The creditors cycle remains the go to areas of working capital for corporates in the Middle East to drive improvements. Yet another year where credits are stretched not only by very large corporates but across the board at all sizes, sectors and countries. We are noticing an increasing trend of poor behaviour in delaying payments to suppliers rather than addressing other options in the debtors or inventory cycle or even using financial products to help extend the creditors cycle whilst actually helping the suppliers access cash quicker.
With a significant portion of international spend typically based on letters of credit, underlying non-international creditor days are significantly greater, creating a more acute cash pressure on local suppliers which in turn affects the health of the local economy overall.
We have seen a number of good initiatives from the UAE government forming committees which shall address the complaints around late payments, but these are all in their incipient stages.
The evolution of NWC days trend over the period shows top performers increasing their gap to the median cohort, which in turn are continuing to increase the gap to the bottom performers both down to their improved working capital efficiencies but mainly down to the deterioration of the bottom performers.
Poor performers have deteriorated 10 days since 2014 converting cash 2 times slower than median and 5 times slower than the top performers.
This analysis takes away the element of company size driving improvements and shows any company regardless of its size can perform better even than its larger peers, if the right focus is placed on the underlying operational processes driving the working capital cycle across debtors, inventory and creditors.
Larger companies tend to outperform their smaller peers on working capital efficiency as they possess more resources to invest in process improvement and technologies. This is also evident from our study as the overall level of NWC days strongly correlates with company size.
NWC performance has deteriorated in 2018 for small and mid sized companies while large and very large sized companies have shown improvement in 2018. These large and very large sized companies are able to use their market power to improve NWC performance at the expense of their smaller peers. The deterioration in NWC days for small and mid sized companies is mainly driven by DIO, which increased by 5 days and improvement in NWC days for large and very large sized companies is driven by their ability to stretch the payables cycle.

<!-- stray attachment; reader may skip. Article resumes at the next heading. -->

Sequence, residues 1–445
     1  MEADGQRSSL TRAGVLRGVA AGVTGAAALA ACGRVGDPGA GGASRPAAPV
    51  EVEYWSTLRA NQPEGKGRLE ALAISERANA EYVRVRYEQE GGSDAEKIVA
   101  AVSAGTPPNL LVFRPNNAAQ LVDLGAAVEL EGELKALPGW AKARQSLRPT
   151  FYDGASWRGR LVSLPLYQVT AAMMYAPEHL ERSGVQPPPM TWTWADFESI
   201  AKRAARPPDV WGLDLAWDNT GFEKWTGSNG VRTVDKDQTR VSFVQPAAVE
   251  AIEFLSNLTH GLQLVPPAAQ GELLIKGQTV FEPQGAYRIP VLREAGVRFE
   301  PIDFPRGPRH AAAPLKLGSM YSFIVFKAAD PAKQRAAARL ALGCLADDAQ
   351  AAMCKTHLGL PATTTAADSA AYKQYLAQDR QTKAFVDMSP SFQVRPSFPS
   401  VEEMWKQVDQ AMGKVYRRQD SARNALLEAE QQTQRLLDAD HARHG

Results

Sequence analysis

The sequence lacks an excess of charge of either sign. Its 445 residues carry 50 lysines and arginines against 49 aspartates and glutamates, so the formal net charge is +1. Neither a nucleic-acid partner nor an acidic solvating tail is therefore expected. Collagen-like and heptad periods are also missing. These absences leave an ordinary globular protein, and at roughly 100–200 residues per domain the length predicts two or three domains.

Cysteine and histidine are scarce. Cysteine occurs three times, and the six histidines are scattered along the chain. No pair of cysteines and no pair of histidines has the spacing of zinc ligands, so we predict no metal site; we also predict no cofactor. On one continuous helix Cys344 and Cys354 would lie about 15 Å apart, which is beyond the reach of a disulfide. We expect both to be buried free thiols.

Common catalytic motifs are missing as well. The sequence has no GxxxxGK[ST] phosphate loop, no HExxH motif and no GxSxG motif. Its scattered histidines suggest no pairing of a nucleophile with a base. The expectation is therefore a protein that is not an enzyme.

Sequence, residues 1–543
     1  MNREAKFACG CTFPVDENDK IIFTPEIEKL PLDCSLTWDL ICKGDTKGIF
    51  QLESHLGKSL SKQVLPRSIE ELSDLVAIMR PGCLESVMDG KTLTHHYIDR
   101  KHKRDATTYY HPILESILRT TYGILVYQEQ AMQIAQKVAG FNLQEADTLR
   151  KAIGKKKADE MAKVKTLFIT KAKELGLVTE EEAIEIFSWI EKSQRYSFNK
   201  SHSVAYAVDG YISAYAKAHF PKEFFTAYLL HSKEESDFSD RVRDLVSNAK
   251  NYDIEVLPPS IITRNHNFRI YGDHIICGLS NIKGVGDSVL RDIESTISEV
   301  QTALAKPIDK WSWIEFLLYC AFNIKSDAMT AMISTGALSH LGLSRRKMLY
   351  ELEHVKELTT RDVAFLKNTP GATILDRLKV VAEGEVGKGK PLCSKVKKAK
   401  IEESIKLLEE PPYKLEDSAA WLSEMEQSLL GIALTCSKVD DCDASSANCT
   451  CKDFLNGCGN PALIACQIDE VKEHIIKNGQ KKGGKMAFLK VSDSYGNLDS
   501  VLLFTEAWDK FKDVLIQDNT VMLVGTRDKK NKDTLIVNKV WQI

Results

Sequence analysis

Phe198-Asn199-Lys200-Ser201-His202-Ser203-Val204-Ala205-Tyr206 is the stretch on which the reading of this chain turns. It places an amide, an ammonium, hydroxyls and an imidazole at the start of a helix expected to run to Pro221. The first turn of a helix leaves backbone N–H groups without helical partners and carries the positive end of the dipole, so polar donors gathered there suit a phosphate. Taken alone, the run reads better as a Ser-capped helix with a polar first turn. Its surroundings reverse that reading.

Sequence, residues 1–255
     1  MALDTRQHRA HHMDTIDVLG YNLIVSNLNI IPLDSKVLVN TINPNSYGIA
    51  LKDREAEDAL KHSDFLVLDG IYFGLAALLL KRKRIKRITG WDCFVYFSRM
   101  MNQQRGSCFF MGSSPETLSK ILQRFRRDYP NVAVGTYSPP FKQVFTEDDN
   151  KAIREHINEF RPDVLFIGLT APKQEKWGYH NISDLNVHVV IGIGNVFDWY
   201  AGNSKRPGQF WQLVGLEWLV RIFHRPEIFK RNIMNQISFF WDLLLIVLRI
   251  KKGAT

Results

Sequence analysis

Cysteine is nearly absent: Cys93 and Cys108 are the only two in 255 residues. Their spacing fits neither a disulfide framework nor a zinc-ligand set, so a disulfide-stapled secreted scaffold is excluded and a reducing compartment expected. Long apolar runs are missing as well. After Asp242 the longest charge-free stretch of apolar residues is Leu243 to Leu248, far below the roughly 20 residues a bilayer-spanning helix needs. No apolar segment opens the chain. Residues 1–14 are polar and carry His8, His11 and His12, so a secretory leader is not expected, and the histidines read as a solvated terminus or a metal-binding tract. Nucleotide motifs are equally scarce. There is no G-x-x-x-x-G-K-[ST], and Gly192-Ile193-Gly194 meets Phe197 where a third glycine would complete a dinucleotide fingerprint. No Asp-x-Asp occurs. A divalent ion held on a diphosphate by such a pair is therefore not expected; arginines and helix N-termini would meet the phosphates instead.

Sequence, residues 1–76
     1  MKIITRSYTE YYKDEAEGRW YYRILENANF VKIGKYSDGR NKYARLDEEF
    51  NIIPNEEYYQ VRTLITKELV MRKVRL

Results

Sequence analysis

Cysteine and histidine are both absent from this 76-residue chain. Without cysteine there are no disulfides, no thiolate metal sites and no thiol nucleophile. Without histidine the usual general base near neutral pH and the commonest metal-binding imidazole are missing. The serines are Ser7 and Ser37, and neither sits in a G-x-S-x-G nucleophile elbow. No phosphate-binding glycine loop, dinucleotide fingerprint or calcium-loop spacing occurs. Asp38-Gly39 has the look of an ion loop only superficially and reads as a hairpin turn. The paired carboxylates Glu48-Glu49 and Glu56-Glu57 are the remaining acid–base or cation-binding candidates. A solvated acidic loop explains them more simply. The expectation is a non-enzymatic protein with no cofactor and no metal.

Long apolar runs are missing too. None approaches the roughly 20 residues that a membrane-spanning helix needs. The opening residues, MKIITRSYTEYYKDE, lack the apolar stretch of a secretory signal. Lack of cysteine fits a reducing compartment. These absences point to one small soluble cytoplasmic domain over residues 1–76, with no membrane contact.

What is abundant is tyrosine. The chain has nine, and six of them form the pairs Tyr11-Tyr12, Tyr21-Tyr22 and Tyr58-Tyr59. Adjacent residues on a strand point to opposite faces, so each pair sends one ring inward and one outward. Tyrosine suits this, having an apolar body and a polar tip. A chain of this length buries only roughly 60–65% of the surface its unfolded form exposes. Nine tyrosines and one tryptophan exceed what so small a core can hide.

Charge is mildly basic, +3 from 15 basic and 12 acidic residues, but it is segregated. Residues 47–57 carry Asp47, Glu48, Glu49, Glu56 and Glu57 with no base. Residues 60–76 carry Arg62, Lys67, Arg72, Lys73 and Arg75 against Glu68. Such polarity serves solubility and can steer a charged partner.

Companies in all key countries in the region besides the UAE have seen their average NWC days deteriorate in 2014-2018.
NWC performance in UAE has modestly improved during the study period driven by Days Payables Outstanding (DPO), which has gone up by a compounded annual rate of 7% in 2014-2018 with 14 days increase in 2018 (versus the prior year). This indicates that instead of driving process improvements across cash collections and inventory management, the UAE companies have improved their NWC performance through adding more pressure on their supply chain. This pressure is evident in the local economy prompting UAE government taking active steps to release timely payments to suppliers.
Seven out of the 15 industries covered show more than 50% of companies deteriorated working capital performance. The Engineering and Construction sector had the poorest performance with 65% of the companies showing deterioration in working capital performance, followed closely by the Metals sector with 61%.
Irrespective of sector, and whilst there are a number of external factors that can influence working capital, management focus can have a significant impact on its performance.
This study provides a view of the Middle East working capital performance and is based on the financial results of 389 publicly listed companies across the Middle East. The countries covered include: Bahrain, Egypt, Jordan, Kingdom of Saudi Arabia, Kuwait, Oman, Qatar and United Arab Emirates. All currencies have been converted to UAE dirhams at historical rates. The financial services, real estate and insurance sectors are excluded. All financial data has been downloaded in a standardised format from S&P Global Market Intelligence.
Companies have been assigned to countries based on the location of their headquarters. Although a significant part of their sales and purchases might be realised in that country, it does not necessarily reflect typical payment terms or behaviour in that country. As the research is based on publicly available information, all figures are financial year-end figures. Off-balance sheet financing or the effect of asset securitisation have not been taken into account.
Senior Manager, Deals Advisory, PwC Middle East
Tel: +971 5 6418 9776
Senior Manager, PwC Middle East
Tel: +971 5 6413 1738
Senior Manager, PwC Middle East
Tel: +971 5 4793 3263